Said Natter of CAI, “We know we will be streaming something,” but beyond that she isn’t sure. “Maybe we’ll have the opportunity to do small gatherings,” she said. “Maybe some people will be in the sanctuary while some people are streaming.” The congregation is putting together a task force and will participate in webinars led by the United Synagogue for Conservative Judaism, the Conservative umbrella organization, but Natter expects to recreate, in some form, their usual array of High Holiday offerings, including services for tots, older children, and families, as well as the main sanctuary experience. “We will do what we have to do to make it amazing,” she said.
But she is realistic. “It will be sad, and there’s a loss … especially for people who are alone and for whom coming to synagogue on the High Holidays is a huge part of the year.” And like representatives from other synagogues, Natter is concerned about hits to the bottom line, which could come from a combination of lost High Holiday ticket sales, fewer — and lower — High Holiday appeal contributions, and congregants declining to renew their memberships. “Anyone who thinks there will be no impact is being dishonest,” she said.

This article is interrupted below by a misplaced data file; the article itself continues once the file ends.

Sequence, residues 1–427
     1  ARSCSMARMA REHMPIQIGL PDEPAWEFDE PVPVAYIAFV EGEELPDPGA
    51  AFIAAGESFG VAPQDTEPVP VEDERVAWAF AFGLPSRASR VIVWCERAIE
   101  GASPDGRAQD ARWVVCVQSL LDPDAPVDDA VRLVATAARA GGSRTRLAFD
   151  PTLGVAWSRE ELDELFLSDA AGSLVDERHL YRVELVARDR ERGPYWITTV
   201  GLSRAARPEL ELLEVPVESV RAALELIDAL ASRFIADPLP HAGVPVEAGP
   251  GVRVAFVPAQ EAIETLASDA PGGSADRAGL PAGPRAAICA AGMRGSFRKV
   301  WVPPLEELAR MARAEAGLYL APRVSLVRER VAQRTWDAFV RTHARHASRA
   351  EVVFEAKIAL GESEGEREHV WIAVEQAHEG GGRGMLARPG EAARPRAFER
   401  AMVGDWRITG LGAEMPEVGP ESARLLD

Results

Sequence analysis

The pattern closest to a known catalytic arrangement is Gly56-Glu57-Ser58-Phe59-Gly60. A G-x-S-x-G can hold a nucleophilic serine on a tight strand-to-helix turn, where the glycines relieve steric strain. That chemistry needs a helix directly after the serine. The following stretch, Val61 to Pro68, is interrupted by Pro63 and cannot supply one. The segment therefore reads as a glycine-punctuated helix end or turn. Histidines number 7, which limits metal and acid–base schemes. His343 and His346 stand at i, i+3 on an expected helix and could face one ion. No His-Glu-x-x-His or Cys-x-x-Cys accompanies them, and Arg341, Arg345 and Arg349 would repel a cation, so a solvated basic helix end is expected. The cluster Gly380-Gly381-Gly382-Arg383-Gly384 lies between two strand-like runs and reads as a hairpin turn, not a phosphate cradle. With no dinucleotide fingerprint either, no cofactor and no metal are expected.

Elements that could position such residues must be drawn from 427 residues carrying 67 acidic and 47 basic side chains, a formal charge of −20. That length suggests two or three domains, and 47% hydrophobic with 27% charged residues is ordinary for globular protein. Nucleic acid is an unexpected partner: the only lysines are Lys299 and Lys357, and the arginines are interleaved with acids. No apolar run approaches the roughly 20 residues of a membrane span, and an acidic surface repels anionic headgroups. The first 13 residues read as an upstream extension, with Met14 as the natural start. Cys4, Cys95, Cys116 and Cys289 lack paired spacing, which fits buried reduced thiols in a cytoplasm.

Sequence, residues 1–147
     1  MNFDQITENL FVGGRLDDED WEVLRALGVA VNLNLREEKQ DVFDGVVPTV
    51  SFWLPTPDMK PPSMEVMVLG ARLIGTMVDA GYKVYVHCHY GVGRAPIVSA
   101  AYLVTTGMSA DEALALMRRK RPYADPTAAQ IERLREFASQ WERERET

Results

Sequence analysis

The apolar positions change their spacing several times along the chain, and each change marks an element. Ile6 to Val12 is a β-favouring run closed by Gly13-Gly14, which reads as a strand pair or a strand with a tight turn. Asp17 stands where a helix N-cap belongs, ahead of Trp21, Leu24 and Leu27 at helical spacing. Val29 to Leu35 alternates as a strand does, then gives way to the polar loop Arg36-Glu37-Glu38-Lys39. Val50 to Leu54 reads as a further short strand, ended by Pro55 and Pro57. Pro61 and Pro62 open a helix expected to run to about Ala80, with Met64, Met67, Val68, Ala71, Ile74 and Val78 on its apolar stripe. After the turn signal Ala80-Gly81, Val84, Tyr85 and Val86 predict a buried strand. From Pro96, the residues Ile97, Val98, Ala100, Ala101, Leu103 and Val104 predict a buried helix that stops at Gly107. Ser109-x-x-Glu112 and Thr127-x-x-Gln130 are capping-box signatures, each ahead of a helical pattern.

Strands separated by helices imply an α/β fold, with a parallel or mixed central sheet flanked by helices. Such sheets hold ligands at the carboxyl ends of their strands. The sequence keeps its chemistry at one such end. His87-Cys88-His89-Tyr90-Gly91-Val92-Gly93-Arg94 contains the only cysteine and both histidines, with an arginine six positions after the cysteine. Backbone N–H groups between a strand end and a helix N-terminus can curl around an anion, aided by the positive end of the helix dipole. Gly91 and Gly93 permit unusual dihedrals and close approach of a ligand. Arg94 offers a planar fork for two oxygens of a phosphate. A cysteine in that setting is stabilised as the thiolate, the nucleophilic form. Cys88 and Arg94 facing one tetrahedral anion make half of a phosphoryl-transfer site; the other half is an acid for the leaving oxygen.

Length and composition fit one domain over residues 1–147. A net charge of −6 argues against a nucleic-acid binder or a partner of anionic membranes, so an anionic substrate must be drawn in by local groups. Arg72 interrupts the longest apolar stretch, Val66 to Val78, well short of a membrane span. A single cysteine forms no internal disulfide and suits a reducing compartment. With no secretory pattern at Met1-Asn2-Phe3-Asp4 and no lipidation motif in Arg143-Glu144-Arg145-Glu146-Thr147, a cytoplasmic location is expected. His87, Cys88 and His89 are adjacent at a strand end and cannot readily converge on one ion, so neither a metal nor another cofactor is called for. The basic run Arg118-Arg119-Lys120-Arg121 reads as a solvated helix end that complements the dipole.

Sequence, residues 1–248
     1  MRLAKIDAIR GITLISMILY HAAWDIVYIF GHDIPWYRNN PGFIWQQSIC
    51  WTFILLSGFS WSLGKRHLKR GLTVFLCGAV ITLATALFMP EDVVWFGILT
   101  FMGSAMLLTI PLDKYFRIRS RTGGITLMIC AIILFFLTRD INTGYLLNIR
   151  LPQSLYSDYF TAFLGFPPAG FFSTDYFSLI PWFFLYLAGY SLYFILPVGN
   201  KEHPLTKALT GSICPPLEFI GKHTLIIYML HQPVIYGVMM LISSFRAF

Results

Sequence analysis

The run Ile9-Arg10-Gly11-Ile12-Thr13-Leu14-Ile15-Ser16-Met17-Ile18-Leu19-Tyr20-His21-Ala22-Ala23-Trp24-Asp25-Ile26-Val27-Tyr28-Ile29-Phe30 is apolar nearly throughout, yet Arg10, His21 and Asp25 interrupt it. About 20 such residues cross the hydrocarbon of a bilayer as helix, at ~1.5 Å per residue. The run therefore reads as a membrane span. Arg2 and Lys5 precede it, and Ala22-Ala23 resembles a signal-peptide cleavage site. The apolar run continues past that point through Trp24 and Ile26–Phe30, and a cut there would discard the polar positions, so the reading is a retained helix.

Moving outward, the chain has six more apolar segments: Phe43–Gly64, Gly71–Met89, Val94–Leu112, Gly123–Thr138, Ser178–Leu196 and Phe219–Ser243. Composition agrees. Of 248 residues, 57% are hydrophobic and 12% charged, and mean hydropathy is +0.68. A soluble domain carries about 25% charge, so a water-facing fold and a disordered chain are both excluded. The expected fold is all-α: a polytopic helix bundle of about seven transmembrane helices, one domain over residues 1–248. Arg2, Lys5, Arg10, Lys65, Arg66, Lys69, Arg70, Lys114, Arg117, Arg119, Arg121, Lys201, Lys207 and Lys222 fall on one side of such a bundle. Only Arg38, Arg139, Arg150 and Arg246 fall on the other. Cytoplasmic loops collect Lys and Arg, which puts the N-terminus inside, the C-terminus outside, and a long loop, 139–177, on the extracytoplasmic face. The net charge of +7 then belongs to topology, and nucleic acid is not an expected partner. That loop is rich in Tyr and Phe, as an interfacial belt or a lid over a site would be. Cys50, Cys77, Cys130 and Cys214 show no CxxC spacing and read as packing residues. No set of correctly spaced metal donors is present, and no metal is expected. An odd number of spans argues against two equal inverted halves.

Gail Milchman, executive director at the independent Temple B’nai Abraham (TBA) in Livingston, envisions three potential scenarios for the High Holidays: regular services with everyone in the building, a partial opening with limited attendance and some streaming, and services that are entirely virtual. But she acknowledged that holding regular services is such a remote possibility that they are focusing on the other two options — and she’s not even sure they should bother considering a partial opening. “Even if we have permission to open [with a reduced] capacity in September, unless the numbers of deaths and hospitalizations goes down even more, I don’t think we’re going to.”
While most synagogue administrators said it was too soon to make a call about High Holiday services, Milchman feels differently. TSTI’s early decision to go virtual “gives permission to other synagogues in the area to think that way,” she said. In the meantime, she’s focusing on ways the clergy can help replicate the feeling of being in the building, from using an image of the sanctuary as a backdrop for the rabbi and cantor to creating a spiritual, though virtual, musical experience.
Matt Halpern, executive director of Congregation Beth Shalom in Livingston, is confronting a dizzying array of questions about this year’s High Holidays: How will they conduct Selichot? What will tashlich be like when throwing crumbs into a body of water with one hand and holding a phone in the other? How can they make the array of services they usually offer available online? Will any of the services be held inside the building?
But looming above it all is the million-dollar question: “How do we make observing the High Holidays a meaningful experience other than sitting in front of a device for a period of time?” Halpern asked. “We are starting to navigate our way through, but right now, there are far more questions than answers.”
Said Milchman of TBA, “We want to make the holidays as festive and as beautiful as people have come to know it,” but, she admitted, “I just don’t know if that’s going to be possible.”